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Wednesday, July 24, 2024 | Back issues
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Missouri Gun Bill Echoes Abortion Limits

JEFFERSON CITY, Mo. (CN) - A Missouri lawmaker wants to require gun buyers to meet victims of gun violence, tour trauma centers, consult with a physician and comply with a gauntlet of restrictions similar to those faced by Missouri women who seek an abortion.

State Rep. Stacey Newman, D-Clayton, pre-filed House Bill 1397 last week, which would require anyone who buys a gun in Missouri to be subject to constraints strikingly similar to those in the state's abortion laws.

Missouri law requires women who want an abortion to submit to a 72-hour mandatory delay, confer with two physicians, sign an informed consent form, be asked to view an active ultrasound and listen to the fetal heartbeat, if audible.

Newman says it should be as tough to buy a gun in Missouri as it is to get an abortion.

HB 1397 would require prospective gun owners to confer with a physician about the risks of gun ownership at least 72 hours before the initial request to buy a gun, and view a 30-minute video on fatal gun injuries.

The gun buyer must be informed about alternatives to buying a gun, "which shall include materials about peaceful and nonviolent conflict resolutions."

The gun buyer must obtain written consent from his or her parents.

The gun buyer must verify in writing, signed by a physician, that he or she "has toured an emergency trauma center in the nearest qualified urban hospital on a weekend between the hours of 10:00 p.m. and 6:00 a.m., when gun violence victims are present."

And finally: "Within seventy-two hours of a firearm purchase, the prospective firearm purchaser shall meet with at least two families who have been victims of violence involving a firearm and two local faith leaders who have officiated, within the past year, a funeral of a victim of violence involving a firearm who was under the age of eighteen."

Newman said in a statement: "Since Missouri holds the rank as one of the strictest abortion regulation states in the country, it is logical we borrow similar restrictions to lower our horrific gun violence rates."

St. Louis and Kansas City are among the top 10 cities in the country in per capita gun violence, and more toddlers shoot themselves or others in Missouri than in any other state.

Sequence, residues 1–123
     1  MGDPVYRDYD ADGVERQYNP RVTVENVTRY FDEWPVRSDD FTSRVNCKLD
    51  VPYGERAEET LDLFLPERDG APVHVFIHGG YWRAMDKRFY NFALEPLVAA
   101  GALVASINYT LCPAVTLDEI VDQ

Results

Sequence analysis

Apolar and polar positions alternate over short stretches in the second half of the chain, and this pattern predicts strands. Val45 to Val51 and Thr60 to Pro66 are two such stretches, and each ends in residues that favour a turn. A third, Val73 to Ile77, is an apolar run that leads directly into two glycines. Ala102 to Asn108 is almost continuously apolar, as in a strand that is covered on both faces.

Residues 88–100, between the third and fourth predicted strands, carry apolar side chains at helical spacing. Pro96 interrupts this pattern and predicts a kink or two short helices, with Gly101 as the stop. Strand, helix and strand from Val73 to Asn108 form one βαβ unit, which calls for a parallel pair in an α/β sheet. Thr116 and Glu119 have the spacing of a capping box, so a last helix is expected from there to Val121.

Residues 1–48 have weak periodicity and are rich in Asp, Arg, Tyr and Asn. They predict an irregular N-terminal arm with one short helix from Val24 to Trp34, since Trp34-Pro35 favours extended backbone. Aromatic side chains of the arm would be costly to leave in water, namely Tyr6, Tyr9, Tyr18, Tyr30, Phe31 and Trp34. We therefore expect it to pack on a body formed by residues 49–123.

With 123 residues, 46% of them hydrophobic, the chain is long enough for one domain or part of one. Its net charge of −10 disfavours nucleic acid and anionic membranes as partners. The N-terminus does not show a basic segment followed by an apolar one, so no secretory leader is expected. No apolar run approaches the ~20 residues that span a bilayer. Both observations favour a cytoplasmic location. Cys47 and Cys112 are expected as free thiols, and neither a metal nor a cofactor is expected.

Newman minced no words in an Oct. 19 Internet posting for her constituents.

"So far in 2015, 13 toddlers have shot and killed themselves, 18 more injured themselves, 10 injured others and 2 toddlers shot and killed others. Missouri leads the country with 5 toddlers this year pulling a trigger on a gun.

"Where is the outrage from the Legislature or calls for a special session or even the level of panic as we saw from the GOP last year during the Ebola scare?

"On the flip side, Missouri's Planned Parenthood witch hunt continues at full steam. The 7th interim hearing took place this past Wednesday and ended up also making national news."

Missouri law requires a background check for gun sales, but no license or permit is needed for a rifle, shotgun or handgun. A permit is required to carry a concealed weapon.

Newman filed HB 1397 one day after a federal judge temporarily blocked Missouri from revoking the license at a Planned Parenthood clinic in Columbia, after Planned Parenthood sued the Missouri Department of Health and Senior Services.

The DHSS attempted to revoke the license after the clinic's abortion provider lost her privileges with a nearby hospital. Missouri law requires that any doctor performing abortions have privileges at a hospital within a 15-minute drive of the clinic.

Planned Parenthood's St. Louis clinic is the only facility in Missouri that provides abortions, since the Columbia clinic temporarily lacks a physician with adequate hospital privileges to perform the procedure.

Newman's 2-page bill closely tracks abortion regulations and applies them to guns, such as requiring gun buyers to travel at least 120 miles to buy a gun, and consult with a physician, who shall "evaluate the prospective firearm purchaser for such indicators and contraindicators and risk factors and determine if such firearm purchase would increase such purchaser's risk of experiencing an adverse physical, emotional, or other health reaction."

The CEO of Planned Parenthood of Kansas and Mid-Missouri praised Newman for submitting the bill.

"The bill starts a dialogue about misplaced government attention," said Laura McQuade. "We commend Rep. Newman for trying to publicly have a conversation about the ridiculous dichotomy between what it takes to access a safe and legal medical procedure in Missouri and what it takes to access unsafe, violent weapons.

"It's important to note that there's such a difference there in the way things are handled by the Legislature."

Newman used her Oct. 19 posting to encourage Missourians to get out the vote.

"For all of you who stayed home on 2014 primary and general election days - this is the Legislature you elected by default," she wrote.

The General Assembly could discuss the bill when it convenes in January.

Newman has represented Missouri House District 87, in suburban St. Louis County, since 2009.

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